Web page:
Saturday, 29 January 2011

On being an African feminist

by Minna Salami, cross-posted from her excellent blog MsAfropolitan.  This post was first published in November 2010.

With artists like Beyonce and Jessica Alba recently claiming to be feminists, it might be the case that we will soon see an F-word revival. That would be awesome.

Yet feminism is not simply about being an independent or successful woman. It is about recognizing and taking a critical engagement with structures that may oppress women such as the ‘institution’ of marriage or elements of religious doctrine or music videos. More than anything feminism is a lifestyle. As was recorded in the charter of African Feminists in 2006:
“…we define ourselves as feminists because we celebrate our feminist identities…Our feminist identity is not qualified with ‘Ifs’, ‘Buts’, or ‘Howevers’. We are feminists. Full stop.”
Or as novelist Chimamanda Adichie, who calls herself a feminist who likes lipgloss said:
“…being a feminist is about more than outrage; it is about being a woman who likes and stands up for other women.”
As for me, I’ve been a feminist since my early 20s. Since then my worldview, my relationships and my life choices have all been shaped by a conviction that gender structures should not limit personal and professional growth and that every woman should have that right.

Being a feminist has been a challenge on many levels, it still is. One of the challenges I have faced as a feminist has been in relationships of romantic nature. From the dating stage when a man offers to put on your coat to the stage where you’re delegating house chores it can be difficult to defy social patterns that place a woman as subordinate to a man (by the way, I don’t necessarily mind a guy helping with outerwear as I discussed in more detail over at men’s mag Webster Style). Despite the challenges, which include not only dealing with the opposite sex, but also with labels and stereotypes, with career choices…, feminism has been one of the best things that ever happened to me. I feel it has freed me from a life where gender roles rather than my heart’s passions define me.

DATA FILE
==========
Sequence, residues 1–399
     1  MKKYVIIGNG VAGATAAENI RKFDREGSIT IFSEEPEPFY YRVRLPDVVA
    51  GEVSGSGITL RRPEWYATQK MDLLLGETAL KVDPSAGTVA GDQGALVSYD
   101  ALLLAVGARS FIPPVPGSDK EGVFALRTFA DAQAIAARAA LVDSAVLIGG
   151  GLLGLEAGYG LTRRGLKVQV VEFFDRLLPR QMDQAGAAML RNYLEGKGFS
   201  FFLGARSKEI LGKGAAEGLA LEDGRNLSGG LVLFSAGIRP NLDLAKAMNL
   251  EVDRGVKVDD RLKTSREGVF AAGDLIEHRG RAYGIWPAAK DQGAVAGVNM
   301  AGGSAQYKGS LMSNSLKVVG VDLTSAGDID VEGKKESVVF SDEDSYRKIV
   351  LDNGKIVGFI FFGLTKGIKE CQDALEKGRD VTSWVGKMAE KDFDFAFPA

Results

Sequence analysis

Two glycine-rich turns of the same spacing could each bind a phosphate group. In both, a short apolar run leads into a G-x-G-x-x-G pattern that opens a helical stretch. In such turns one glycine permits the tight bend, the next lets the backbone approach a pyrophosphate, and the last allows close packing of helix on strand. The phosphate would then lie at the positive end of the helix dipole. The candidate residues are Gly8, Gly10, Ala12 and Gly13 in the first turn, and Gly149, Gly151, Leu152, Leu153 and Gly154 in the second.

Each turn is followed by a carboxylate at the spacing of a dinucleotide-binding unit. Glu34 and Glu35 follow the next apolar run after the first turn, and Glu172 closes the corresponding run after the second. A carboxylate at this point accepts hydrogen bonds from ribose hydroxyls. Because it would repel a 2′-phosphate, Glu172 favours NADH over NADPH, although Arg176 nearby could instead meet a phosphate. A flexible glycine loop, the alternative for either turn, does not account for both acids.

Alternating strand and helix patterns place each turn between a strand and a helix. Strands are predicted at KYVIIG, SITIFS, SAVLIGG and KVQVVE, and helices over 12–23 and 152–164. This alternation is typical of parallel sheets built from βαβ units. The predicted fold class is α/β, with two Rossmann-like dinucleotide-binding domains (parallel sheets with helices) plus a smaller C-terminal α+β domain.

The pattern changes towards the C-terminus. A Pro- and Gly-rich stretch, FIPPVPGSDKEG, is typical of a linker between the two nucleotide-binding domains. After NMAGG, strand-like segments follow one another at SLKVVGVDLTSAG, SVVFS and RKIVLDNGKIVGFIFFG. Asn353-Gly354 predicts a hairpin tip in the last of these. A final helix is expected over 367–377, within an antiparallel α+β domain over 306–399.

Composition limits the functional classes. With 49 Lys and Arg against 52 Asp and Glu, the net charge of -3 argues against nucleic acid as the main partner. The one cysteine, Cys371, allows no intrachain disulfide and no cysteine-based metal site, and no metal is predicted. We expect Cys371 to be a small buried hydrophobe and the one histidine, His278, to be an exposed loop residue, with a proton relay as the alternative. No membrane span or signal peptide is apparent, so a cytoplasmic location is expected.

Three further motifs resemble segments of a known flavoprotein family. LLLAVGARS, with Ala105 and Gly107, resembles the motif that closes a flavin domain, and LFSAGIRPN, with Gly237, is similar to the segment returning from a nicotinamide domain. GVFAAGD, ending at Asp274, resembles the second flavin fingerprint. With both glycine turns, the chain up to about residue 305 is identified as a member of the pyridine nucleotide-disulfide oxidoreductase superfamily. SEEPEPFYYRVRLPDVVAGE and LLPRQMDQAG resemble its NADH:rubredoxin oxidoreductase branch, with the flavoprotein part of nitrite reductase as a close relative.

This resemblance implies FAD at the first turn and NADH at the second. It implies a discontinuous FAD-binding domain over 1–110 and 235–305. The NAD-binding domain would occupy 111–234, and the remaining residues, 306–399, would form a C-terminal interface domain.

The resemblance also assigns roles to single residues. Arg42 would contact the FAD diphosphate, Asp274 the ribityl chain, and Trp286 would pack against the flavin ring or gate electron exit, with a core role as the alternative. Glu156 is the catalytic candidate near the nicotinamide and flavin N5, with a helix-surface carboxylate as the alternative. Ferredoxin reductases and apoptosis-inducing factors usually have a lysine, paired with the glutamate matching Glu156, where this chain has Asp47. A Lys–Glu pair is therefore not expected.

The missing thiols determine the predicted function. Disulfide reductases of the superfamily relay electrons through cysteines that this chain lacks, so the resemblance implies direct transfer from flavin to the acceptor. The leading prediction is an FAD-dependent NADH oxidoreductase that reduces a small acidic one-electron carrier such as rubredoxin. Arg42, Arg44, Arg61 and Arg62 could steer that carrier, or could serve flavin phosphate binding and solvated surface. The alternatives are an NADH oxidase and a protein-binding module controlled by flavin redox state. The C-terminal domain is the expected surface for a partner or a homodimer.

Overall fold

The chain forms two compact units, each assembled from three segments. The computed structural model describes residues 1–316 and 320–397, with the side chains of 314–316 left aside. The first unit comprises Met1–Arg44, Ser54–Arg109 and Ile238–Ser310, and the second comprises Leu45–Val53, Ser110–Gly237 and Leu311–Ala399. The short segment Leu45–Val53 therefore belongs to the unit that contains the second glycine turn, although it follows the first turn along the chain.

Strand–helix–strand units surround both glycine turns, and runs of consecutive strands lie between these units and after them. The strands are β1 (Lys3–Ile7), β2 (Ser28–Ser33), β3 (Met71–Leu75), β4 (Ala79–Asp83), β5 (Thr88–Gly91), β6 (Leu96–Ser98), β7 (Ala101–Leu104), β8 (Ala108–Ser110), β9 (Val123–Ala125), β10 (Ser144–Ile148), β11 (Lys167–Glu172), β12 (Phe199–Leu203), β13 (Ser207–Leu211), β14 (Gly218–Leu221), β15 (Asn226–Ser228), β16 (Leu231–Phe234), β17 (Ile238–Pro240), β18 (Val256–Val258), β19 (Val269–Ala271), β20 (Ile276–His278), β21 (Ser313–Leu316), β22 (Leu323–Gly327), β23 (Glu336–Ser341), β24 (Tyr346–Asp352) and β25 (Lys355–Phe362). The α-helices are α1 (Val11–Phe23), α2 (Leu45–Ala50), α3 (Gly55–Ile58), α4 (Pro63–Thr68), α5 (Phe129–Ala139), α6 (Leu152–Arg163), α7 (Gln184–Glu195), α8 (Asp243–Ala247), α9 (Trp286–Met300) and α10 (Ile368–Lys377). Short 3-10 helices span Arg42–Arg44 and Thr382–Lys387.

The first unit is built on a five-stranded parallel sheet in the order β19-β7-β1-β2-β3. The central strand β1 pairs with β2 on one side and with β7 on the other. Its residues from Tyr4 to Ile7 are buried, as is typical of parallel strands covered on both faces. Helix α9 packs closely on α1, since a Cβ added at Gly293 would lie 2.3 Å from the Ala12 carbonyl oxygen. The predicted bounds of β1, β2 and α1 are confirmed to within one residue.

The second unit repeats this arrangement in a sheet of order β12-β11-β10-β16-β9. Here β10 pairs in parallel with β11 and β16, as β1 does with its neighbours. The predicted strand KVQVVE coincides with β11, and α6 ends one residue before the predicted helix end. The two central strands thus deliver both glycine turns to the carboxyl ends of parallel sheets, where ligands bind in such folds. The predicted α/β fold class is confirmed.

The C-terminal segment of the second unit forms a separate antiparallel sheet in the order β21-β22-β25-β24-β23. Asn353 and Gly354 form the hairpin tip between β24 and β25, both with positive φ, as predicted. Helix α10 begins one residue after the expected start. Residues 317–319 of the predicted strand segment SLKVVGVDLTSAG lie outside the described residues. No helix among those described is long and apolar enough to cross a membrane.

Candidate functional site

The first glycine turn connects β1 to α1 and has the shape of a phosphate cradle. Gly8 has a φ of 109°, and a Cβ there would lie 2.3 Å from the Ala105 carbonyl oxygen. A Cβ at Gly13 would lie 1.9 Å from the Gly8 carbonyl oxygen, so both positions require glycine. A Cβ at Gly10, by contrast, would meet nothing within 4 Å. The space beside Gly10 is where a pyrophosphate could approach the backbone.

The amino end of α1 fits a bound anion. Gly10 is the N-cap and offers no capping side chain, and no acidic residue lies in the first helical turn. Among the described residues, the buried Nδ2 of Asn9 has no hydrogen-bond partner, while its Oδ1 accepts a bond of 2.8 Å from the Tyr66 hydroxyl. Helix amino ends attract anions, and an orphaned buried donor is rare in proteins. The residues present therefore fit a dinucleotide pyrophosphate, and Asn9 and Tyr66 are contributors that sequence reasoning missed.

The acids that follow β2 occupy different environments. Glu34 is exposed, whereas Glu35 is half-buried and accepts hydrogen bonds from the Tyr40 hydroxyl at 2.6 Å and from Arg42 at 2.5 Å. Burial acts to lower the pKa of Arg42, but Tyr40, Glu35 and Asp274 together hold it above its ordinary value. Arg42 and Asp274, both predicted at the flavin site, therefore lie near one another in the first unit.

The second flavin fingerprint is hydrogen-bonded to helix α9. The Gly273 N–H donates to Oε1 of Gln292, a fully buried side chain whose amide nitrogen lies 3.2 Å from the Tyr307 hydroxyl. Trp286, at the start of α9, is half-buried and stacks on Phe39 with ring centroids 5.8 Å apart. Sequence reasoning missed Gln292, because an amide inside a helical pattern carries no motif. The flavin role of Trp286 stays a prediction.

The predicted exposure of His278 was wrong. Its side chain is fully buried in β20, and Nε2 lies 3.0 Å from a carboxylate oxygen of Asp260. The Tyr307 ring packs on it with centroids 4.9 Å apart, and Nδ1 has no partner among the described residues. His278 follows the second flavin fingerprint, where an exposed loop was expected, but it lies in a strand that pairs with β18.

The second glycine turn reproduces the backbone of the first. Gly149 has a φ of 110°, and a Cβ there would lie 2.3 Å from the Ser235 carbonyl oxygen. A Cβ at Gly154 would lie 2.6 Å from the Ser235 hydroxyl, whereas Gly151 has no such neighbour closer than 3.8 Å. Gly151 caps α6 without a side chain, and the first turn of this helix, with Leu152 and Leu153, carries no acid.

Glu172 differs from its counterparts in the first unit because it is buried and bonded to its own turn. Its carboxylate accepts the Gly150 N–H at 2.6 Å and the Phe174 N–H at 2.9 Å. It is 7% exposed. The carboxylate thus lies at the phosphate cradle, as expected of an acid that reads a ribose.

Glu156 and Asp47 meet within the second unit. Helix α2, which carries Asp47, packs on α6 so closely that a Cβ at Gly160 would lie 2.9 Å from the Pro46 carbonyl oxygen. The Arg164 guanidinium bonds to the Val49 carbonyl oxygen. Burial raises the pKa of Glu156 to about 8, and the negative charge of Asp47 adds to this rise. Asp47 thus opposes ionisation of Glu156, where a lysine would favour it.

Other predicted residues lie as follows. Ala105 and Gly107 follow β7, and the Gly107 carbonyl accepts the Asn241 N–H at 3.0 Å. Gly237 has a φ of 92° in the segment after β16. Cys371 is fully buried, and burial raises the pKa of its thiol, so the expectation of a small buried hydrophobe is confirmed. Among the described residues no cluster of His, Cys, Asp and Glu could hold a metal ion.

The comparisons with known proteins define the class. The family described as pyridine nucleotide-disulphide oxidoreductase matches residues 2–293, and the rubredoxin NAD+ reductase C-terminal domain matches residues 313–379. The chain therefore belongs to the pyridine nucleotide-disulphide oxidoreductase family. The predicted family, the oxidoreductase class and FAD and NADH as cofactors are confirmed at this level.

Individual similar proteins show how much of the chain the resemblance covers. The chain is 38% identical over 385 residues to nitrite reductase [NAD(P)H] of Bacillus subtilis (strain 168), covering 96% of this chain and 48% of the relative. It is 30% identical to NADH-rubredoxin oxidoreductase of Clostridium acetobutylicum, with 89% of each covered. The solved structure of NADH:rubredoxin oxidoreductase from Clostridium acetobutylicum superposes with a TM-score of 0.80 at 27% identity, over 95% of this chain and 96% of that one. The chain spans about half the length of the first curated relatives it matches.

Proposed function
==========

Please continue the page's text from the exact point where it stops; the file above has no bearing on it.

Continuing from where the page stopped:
Unfortunately many people disregard feminism without an understanding of what feminism is. In England for example, women earn 28% less than men for the same jobs, in Nigeria women earn 51% of what men earn. Literacy rates for women in Africa are substantially lower than those of men. African women suffer from poverty, HIV, violence, neglected healthcare to notably greater extents that African men, who of course in return also are often victims of oppression. In the West the female body is objectified to a point where a recent study shows that 8 out of 10 women are unhappy with their bodies. Opposing these types of violations of women’s equal rights is what feminism is about.
(sources – Gender Gap Report 2010)

One reason many women don’t consider feminism as an option is because they are afraid that it will alienate men. This is not untrue. I have alienated a few men simply by being a feminist, but turns out I’m quite happy to do that.
Those men that are not terrified by the F-word know that ‘even’ feminists can occasionally become intensely attracted to someone. They know that feminists too can feel sexy, feminine, playful and caring. They know that there is no necessary conflict between a woman’s sexuality and her power or intelligence. They know that feminists don’t necessarily have any desire to be manly. Most importantly, they are confident enough to know that feminism is not about blaming any individual man or undermining their masculinity.

In a loving relationship no part is subordinate because of their gender, no part is the neck or the head or none of that crap. Both parts are themselves, feminine, masculine, extrovert, introvert, tidy, messy, caring, selfish – whatever they might be, but always equal.

Well that’s my take. Would love to hear yours?

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